Beyond the Wall . . . Inclusive and Convergent Design Considerations

 In better by design

Nowadays, creating an office space with the ‘wow’ factor isn’t the sole driver behind a refurbishment. The expectation to go much further than office aesthetics is evident globally. Spaces that empower employees, help businesses grow, support the working styles of a wide range of occupants, reflect company culture and harbour a green conscience are all seen as significant when designing spaces.

Here we delve deeper into inclusive and convergent considerations that are impacting on today’s office spaces and the people who work within them.

One for All, All for One . . . Inclusive design

At its heart, inclusive design aims to ensure things work for people – meeting the needs of as many individuals as possible.

Inclusive design considerations focus on creating spaces to suit not only employees with disabilities, but also those with different work preferences and different generations – Gen Y, Gen Z, baby boomers – and the likes of working parents. Think designed workplaces/cultures that accommodate people at different stages of their lives.

“These days a workforce can span generations and we need to cater to them,” says Kate Price of Outline Design. “We can support them in a design sense by looking at access, how different the working styles of varied generations can be – collaborative, private, relaxed, formal – even down to places for breastfeeding mothers or day-care options within larger companies.”

Take Google for example. A few years ago, they conducted interviews with nursing women to find out how best to support them when they returned from maternity leave and what they wanted for their mothers’ rooms. The result? Rooms designed to fit more than one mum at a time, but with curtained-off sections for privacy. All rooms have locks, curtains, desks, a comfortable chair, a foot rest, a refrigerator, cubbies, wipes, a stocked magazine rack, a hospital-grade Medela pump, a mirror, and a side table – some have sinks. Almost all have whiteboards or message boards so that mums can leave notes for each other and pin up photos of their babies – if they like! And they’re available 24/7.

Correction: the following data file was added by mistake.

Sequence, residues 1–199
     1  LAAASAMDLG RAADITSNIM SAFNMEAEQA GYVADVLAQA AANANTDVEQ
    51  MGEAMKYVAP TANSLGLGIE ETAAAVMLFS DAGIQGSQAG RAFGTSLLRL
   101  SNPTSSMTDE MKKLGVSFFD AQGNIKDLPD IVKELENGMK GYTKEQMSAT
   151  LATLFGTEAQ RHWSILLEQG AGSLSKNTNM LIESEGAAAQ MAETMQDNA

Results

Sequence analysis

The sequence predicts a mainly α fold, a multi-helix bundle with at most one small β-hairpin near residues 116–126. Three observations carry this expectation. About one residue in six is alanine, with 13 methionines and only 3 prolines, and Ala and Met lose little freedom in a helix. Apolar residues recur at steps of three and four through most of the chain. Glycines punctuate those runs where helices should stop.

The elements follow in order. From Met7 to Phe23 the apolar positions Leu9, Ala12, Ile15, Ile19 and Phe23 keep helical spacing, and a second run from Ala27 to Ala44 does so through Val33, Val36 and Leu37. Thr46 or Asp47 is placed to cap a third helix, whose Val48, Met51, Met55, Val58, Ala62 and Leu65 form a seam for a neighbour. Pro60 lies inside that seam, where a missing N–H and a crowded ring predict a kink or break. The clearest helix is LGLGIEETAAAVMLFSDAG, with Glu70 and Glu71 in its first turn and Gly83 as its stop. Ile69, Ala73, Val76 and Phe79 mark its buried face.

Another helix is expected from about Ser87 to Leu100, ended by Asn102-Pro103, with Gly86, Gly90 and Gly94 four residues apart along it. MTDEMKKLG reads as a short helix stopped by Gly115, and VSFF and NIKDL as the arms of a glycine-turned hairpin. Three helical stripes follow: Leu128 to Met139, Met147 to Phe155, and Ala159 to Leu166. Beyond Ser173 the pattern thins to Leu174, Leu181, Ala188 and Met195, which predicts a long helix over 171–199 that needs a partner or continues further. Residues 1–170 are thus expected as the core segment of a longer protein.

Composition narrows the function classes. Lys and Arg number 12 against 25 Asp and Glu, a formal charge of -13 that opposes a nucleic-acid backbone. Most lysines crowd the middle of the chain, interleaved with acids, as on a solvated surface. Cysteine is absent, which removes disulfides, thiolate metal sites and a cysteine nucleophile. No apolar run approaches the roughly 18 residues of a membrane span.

Shirking Tradition . . . Convergent design

Employee satisfaction and workplace culture are intrinsically linked. Thus, creating an environment in which workers can flourish ultimately lends itself towards improving business success.

Prominent businessman and philanthropist, William Clement Stone once said, “You are a product of your environment. So, choose the environment that will best develop you toward your objective. Are the things around you helping you toward success – or are they holding you back?”

Today the traditional office space has broken free of the tired, grey and cold open-plan space of old. In fact, many spaces today can draw comparisons with cafes and other cultural places –something of a backlash against form follows function.



“There’s an idea that we use cafes as workspaces and workspaces as cafes – and there’s the possibility for design to reflect that culture,” says Kate. “Think spaces that incorporate a coffee bar, leaner, beanbags, break out rooms, music and video areas – and more. If we can chill at work, we will likely stay at work.”

Thus, by nurturing the very basic needs of your employees through comfortable work station set-ups, idea hubs, soft-seating areas and social spaces, businesses are ultimately keeping staff fulfilled. And when we’re happy in our jobs, the sky is the limit.

About Outline Design

Outline Design is an established commercial interior design firm based in Auckland, New Zealand offering the full range of interior design services. To find out more contact us.

Recommended Posts

Start typing and press Enter to search